Elisabeth had her faults of course. But they were the faults of her qualities. She had her own character. Sometimes she would have rows with certain comrades (including those who were closest to her). But she knew how to get over it, always looking for reconciliation because she never lost sight of what united the militants of the ICC: a platform of common principles, the combat which they are all waging against capitalism and the pressure of the dominant ideology. Elisabeth had a deep political esteem for the militants of the ICC, including those whose style or character didn’t suit her. In our internal debates, she listed attentively to all the interventions, all the arguments, often taking her own notes in order to deepen her reflection and, as she put it, “out of a need to clarify”.
Elisabeth was also very sentimental and had a tendency to see the organisation of revolutionaries as a large family or a group of friends. She used to have a certain illusion that the group Révolution Internationale (which she had joined in a period very much stamped by the student movement of May 68) could become a sort of island of communism. What allowed her to overcome this confusion were our days of study and discussion on the circle spirit in the workers’ movement, as well as our internal debates on the difficulties of our section in France, with the aim of moving from “a circle of friends to a political group”.
Thanks to her ability to reflect, Elisabeth was able to understand that the organisation of revolutionaries, while being the “beginning of the response” to capitalist social relations, cannot already be the response (to use a term of our comrade MC), a little island of communism within this society. It was her unbreakable commitment to the cause of the working class, her disinterested devotion to the ICC, which allowed Elisabeth to hold on patiently through all the crises the ICC has undergone since its foundation. Despite her “sentimental” approach to the organisation and the pain she felt when certain of her friends deserted it, Elisabeth was never drawn outside the ICC out of a misplaced loyalty to them. Every time she was confronted with a “conflict of loyalties” Elisabeth always decided in favour of the ICC and its struggle for communism (unlike other militants who left the organisation out of loyalty to their friends and with hostility towards the ICC). She never lost her convictions. To the end she remained faithful and loyal to the ICC.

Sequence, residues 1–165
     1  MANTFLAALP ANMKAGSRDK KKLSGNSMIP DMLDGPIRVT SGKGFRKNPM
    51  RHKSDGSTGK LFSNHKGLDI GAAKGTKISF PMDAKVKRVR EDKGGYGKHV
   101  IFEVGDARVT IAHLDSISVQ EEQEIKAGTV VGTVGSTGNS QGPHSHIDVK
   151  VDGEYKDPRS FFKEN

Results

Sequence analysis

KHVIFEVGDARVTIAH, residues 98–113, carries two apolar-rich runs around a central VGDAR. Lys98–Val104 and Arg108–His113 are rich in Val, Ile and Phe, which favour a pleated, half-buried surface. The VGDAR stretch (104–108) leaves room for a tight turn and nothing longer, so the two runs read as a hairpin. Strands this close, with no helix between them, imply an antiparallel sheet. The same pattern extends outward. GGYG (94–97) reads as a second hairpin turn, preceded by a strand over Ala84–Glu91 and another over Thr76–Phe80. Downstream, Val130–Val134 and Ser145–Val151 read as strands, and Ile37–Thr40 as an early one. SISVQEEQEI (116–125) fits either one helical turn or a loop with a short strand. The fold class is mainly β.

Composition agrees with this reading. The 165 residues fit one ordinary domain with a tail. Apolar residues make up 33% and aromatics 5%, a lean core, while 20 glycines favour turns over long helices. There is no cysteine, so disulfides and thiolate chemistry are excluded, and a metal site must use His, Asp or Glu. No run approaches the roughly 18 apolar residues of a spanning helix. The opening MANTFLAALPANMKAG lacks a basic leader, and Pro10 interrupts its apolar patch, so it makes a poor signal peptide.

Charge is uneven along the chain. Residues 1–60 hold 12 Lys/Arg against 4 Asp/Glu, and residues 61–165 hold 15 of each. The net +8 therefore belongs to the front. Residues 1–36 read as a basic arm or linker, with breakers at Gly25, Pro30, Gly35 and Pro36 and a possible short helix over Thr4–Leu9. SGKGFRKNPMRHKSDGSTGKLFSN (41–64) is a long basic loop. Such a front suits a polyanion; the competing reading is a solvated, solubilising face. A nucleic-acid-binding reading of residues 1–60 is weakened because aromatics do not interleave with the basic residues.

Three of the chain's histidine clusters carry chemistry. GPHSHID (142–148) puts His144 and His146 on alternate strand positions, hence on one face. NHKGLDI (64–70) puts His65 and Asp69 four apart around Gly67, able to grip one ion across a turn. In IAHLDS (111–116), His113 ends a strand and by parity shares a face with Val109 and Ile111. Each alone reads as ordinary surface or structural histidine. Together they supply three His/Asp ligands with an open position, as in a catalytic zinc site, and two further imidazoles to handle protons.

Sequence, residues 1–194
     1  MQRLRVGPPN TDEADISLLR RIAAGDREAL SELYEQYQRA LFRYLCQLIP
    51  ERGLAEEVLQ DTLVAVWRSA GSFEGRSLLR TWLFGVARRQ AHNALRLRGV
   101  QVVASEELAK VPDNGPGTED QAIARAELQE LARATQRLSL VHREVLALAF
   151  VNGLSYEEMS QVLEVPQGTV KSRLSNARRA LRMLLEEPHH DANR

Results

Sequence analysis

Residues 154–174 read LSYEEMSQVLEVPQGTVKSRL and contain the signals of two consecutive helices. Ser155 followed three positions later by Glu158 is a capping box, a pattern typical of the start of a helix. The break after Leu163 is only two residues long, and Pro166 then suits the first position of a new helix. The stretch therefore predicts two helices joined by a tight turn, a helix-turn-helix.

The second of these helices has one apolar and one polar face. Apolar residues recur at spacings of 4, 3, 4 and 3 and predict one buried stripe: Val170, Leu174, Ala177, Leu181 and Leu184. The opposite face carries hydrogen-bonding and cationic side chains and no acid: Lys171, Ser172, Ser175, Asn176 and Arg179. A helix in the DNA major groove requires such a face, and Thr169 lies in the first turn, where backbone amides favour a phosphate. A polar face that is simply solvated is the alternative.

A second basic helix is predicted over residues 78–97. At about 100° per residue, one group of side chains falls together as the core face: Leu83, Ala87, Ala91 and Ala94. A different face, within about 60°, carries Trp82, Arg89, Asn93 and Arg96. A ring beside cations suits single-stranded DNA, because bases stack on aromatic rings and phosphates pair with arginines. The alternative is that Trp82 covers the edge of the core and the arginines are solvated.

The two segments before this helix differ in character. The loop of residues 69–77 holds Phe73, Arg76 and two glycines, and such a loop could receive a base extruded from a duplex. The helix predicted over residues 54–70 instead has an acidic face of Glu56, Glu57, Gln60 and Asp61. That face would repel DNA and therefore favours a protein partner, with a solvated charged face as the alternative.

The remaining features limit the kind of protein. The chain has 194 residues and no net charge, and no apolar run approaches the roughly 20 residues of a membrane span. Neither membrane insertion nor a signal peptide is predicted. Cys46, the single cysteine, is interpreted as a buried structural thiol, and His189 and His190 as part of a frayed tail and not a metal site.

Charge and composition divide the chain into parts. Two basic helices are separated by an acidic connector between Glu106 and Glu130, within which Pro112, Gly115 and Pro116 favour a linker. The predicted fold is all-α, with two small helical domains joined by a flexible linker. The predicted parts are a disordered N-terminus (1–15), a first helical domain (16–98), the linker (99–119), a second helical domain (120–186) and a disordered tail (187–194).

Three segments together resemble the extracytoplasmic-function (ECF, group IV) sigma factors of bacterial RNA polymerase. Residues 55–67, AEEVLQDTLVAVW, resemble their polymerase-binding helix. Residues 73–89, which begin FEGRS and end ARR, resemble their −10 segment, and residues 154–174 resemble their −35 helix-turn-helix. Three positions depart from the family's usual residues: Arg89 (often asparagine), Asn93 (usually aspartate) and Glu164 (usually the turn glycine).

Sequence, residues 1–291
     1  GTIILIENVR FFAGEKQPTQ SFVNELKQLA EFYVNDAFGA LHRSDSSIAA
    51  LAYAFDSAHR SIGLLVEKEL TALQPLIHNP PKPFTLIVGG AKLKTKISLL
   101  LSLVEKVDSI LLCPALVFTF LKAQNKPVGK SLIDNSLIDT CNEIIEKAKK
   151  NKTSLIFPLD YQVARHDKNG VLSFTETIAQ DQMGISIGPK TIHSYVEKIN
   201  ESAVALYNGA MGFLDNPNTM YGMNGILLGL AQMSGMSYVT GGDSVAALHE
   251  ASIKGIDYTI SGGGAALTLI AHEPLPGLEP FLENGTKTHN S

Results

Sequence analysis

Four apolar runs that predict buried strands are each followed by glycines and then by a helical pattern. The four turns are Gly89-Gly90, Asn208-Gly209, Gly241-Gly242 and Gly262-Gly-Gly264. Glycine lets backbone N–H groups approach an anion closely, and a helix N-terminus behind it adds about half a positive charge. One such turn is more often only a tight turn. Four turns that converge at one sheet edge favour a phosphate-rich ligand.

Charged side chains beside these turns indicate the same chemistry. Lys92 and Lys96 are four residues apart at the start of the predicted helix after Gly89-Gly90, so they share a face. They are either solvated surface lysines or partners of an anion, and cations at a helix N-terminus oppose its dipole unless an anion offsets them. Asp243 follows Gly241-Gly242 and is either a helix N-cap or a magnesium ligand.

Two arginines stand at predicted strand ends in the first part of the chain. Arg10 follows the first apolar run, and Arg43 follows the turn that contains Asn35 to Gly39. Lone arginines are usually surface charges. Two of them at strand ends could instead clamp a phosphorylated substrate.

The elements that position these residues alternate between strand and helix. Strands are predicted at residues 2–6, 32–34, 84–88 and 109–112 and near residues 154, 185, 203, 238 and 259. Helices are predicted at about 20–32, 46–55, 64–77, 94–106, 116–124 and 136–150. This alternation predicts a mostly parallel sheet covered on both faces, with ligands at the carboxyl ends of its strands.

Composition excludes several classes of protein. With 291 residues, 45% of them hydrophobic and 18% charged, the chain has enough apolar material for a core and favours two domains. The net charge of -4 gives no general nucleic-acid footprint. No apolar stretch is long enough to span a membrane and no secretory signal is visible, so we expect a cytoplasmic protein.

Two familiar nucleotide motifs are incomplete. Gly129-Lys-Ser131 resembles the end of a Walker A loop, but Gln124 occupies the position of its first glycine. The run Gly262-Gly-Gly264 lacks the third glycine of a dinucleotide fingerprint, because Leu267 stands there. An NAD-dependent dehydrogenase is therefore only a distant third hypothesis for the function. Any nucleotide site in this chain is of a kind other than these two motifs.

Up until her last breath, Elisabeth was a real fighter for the proletarian cause. A militant who gave the best of herself to the collective and associated work of the main group of the communist left.
Elisabeth loved reading. She loved the sea, flowers, art: baroque music, literature, painting. But above all she loved the human species. Her love for humanity was the backbone of her passion for communism and her militant commitment within the ICC.
The passing of our comrade leaves us with a big hole. For the ICC, every militant is an irreplaceable link in the chain. Elisabeth can’t be replaced, so the only way to fill the hole, to pay homage to her memory, is to continue our combat, her combat.
Elisabeth gave her body to science. She has left us without wreaths or flowers.
To her brother Pierre and all her family;